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The Case for Boutique Investment Outsourcing

Christopher G. Long

Managing Director


A $250 million foundation had been working with a $300 billion outsourced investment manager for several years. The foundation’s new investment committee chairman found it difficult to discern how the organization’s investment performance was really stacking up. The quarterly reporting compared performance to a “custom benchmark” comprised of ten separate indices, including such esoteric ones as the “ICE Bank of America Merrill Lynch Developed Markets High Yield Constrained Index USD Hedged Index.”

The committee and staff were left scratching their heads as to whether their Outsourced Chief Investment Office (“OCIO”) partner was under- or outperforming the market. A quick analysis compared to an appropriate broad market benchmark like the 60% MSCI All Country World Index/40% Bloomberg Barclays Global Aggregate Index confirmed persistent disappointing results.

Without appropriate benchmarks and transparency, it is impossible for an investment committee to carry out its essential function of monitoring the performance of its OCIO partner and the portfolio’s underlying investment managers. Investment committees should be able to readily compare the overall portfolio, major asset classes and individual manager strategies each to their corresponding widely recognized benchmarks so that performance enhancers and detractors can be easily understood.

Too many consulting firms, large OCIO outfits and wire house banks have gotten into the habit of slicing and dicing benchmarks to the point that their comparisons cloud results rather than shedding light. Furthermore, the tendency to then “hug” these contrived benchmarks practically guarantees long term underperformance to broader, less constrained options.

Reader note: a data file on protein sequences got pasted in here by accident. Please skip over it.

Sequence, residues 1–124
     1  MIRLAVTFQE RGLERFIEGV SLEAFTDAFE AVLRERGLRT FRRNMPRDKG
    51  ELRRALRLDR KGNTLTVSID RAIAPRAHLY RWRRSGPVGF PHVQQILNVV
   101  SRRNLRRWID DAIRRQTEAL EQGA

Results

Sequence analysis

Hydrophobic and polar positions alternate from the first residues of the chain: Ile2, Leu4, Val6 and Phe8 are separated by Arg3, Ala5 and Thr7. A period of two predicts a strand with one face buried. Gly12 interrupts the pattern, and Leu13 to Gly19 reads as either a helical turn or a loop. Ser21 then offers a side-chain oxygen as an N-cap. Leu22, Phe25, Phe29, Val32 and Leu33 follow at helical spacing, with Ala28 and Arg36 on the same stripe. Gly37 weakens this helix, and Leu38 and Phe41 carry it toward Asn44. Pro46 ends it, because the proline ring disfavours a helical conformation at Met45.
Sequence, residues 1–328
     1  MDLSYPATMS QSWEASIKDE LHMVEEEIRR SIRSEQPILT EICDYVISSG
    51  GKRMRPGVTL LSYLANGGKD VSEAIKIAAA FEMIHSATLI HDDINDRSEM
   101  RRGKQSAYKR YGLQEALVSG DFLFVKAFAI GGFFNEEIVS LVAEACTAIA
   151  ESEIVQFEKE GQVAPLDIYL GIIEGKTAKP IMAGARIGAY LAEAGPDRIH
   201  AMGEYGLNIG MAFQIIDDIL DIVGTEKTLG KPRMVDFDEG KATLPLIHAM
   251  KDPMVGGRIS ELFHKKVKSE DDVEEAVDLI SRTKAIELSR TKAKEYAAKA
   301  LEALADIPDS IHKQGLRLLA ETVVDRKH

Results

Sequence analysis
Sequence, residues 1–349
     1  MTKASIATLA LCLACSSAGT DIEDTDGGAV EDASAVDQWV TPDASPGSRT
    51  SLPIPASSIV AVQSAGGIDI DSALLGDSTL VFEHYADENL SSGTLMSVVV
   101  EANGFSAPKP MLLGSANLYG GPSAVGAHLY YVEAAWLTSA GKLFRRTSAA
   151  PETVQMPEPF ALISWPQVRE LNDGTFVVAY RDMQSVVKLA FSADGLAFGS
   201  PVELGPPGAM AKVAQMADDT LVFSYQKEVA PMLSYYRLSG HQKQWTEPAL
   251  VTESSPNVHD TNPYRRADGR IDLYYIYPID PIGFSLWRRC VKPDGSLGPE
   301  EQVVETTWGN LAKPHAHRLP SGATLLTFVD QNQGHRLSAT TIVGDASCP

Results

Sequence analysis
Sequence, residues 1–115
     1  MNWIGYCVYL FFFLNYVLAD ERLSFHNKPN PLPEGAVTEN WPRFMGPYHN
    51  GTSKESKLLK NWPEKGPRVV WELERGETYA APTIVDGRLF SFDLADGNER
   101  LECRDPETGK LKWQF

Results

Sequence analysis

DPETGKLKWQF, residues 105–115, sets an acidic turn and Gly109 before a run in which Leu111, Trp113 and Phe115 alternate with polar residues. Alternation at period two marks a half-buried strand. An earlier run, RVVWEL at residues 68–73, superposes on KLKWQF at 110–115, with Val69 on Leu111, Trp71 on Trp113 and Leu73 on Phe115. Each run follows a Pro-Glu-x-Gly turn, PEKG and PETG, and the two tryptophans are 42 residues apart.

Proper benchmarking is not just essential for performance monitoring, it is also critical for analyzing risk and predicted returns. In the case of the foundation, not only did actual returns lag, but the portfolio’s overly complicated asset allocation was set up to take on greater expected volatility and more risk (as indicated by its Sharpe Ratio) compared to a broader, more streamlined allocation such as the 60% ACWI/40% Global Agg benchmark mentioned above or another broad mix such as 70% ACWI/15% Global Agg/15% HFRI Global Hedge Fund Index. Becoming fixated on elaborate custom benchmarks often distracts investors from their primary purpose of achieving the organization’s long term financial objectives and glosses over potential opportunity costs forgone by not investing in a more streamlined, transparent, liquid and cost-effective asset allocation.

An additional issue relating to transparency was hampering performance and clear, concise reporting. As with many large providers, their size dictates the necessity of economies of scale over customization. Their solutions often include asset class “sleaves” or “building blocks” comprised of a black box of managers and strategies. In the foundation’s case, their OCIO provider invested in a multi-asset class fund comprised of 26 managers in 12 different sub-asset classes, including de minimis allocations to Japanese Equity, Global Infrastructure and Bank Loans. This was not just an example of over-diversification or what we sometimes call “deworsification”, but also made it impossible for the committee to understand the drivers of performance and the level and location of risk in the foundation’s portfolio.

Asset allocations and benchmarks should be as simple and clear as possible in achieving the client’s long term financial goals. Overly complex asset allocations and convoluted benchmarks reduce the investment committee’s ability to carry out its mission and lower the chances of long term portfolio success.

The investment committee decided during a careful review process of its financial objectives and their codification in a re-written Investment Policy Statement that a straightforward benchmark of 70% ACWI/30% US Agg made the most sense for the organization. As a result, a new custom asset allocation and manager line-up was created to achieve the stated goals and to be appropriately positioned to outperform the benchmark over market cycles.

About the Author

Christopher G. Long

Managing Director Contact